Grow Up And Get Over Your Bad Childhood
Even though I only started getting interested in the Casey Anthony trial after it ended, I’m now going to get all Nancy Grace-ish and start talking about it nonstop. Just kidding, but did you see that Anthony’s defense spared no one in their attempt to get their client off? Including Casey’s immediate family.
Casey Anthony’s first-degree murder trial descended into chaos on Wednesday morning when prosecutors entered a flurry of objections as the defense attempted to question the accused child killer’s parents about sexual abuse they allege she suffered at the hands of family members.
“I would never do anything like that to my daughter,” the defendant’s father, George Anthony, said when asked if he had molested Casey.
Who knows what went on in the household in which Casey was raised? I mean, she turned out spectacularly awful but how much of that is attributable to the parents? Either way, though, I’m sick of this mentality that you get to excuse your bad behavior by pointing to how awful your parents were.
I’ve long thought that one way you can tell the difference between a child and an adult is to listen to how they talk about their childhood. Are they in constant complaint mode about how they were wronged by insufficiently attentive or doting parents? This means they haven’t grown up yet.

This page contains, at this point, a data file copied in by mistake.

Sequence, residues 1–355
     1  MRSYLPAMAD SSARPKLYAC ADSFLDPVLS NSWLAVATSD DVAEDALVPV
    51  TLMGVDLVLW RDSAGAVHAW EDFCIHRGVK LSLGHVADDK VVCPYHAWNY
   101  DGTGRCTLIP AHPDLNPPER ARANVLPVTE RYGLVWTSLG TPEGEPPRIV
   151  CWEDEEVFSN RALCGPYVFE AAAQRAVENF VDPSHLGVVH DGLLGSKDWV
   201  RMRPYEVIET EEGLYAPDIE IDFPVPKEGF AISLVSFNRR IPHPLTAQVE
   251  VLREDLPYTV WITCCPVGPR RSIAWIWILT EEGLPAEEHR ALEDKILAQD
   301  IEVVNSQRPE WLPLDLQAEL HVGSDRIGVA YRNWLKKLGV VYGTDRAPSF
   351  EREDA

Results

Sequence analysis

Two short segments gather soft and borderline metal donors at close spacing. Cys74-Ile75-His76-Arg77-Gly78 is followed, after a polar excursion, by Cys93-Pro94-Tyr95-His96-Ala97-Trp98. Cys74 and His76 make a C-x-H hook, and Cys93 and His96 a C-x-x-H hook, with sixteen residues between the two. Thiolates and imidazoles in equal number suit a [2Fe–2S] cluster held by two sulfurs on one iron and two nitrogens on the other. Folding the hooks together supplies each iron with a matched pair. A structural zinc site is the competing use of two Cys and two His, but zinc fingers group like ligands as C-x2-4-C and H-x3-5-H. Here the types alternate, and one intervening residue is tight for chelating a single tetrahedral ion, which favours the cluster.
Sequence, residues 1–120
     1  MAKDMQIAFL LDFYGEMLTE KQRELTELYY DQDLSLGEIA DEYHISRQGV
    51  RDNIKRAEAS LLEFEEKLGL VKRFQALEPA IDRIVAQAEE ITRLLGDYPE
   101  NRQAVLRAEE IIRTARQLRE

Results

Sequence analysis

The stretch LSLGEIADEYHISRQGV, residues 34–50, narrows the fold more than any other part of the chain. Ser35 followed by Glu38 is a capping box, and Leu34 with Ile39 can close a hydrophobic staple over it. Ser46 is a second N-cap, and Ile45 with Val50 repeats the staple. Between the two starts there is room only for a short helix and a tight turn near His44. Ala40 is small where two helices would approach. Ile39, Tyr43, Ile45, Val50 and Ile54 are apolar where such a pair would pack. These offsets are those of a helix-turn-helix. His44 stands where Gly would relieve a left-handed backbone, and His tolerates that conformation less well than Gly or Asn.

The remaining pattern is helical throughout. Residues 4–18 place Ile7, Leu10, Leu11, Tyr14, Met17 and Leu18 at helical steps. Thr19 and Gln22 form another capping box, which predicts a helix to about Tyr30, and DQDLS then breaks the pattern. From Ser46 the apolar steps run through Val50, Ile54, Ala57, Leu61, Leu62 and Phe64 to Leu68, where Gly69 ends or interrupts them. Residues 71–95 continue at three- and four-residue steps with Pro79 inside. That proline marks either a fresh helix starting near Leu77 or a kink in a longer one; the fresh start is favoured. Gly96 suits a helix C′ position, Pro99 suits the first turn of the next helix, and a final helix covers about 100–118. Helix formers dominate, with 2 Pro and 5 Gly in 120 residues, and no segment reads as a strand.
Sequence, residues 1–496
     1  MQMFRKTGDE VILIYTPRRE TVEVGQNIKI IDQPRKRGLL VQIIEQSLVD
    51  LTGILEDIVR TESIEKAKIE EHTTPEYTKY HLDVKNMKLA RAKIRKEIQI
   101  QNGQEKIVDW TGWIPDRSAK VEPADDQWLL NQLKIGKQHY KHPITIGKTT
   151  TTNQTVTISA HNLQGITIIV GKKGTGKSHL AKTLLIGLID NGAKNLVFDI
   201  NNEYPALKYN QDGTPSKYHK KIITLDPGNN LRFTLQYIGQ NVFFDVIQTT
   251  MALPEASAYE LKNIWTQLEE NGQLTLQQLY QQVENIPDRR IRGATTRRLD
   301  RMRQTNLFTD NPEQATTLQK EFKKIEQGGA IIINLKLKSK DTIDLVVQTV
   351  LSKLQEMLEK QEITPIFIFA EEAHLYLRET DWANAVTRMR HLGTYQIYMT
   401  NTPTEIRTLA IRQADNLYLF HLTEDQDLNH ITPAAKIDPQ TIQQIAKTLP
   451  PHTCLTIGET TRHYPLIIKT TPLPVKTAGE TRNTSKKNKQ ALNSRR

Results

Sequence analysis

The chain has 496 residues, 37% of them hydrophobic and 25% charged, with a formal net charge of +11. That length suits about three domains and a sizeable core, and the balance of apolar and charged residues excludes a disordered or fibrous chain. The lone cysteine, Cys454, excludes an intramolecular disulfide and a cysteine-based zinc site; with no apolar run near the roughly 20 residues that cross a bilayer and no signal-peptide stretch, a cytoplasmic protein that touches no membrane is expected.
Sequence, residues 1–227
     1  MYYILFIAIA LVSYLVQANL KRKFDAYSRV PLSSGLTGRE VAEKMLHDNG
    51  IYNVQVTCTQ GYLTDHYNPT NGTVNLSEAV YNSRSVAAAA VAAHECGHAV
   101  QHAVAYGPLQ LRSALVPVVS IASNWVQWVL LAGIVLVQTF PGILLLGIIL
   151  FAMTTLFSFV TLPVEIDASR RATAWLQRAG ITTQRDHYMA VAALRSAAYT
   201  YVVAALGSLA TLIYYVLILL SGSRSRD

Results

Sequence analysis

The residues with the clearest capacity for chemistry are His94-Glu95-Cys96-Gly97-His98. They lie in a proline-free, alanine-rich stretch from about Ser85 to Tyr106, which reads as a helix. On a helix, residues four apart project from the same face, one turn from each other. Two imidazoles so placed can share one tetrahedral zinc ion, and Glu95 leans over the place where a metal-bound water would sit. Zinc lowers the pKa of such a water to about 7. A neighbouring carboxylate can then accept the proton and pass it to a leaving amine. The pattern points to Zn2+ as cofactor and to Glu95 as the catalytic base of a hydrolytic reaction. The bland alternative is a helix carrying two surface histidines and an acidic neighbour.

Most people, upon becoming parents themselves, have a change in the way they view their parents. For some, they become much more forgiving of their parents, realizing that parents are just normal humans with awesome responsibilities. For others, it might go the other direction. I have a friend who, upon becoming a father, actually wondered why his parents were so bad at parenting. “It’s not that hard,” he said.
Either way, you have to own your own actions and take responsibility for your own parenting.
I certainly hope Casey Anthony is not a child sex victim. But even if she was, she didn’t have the right to hurt her child, kill her child, thwart rescue efforts or otherwise be a reprehensible human being. And neither should we avoid taking responsibility for whatever we’re doing wrong by pointing to how someone else harmed us.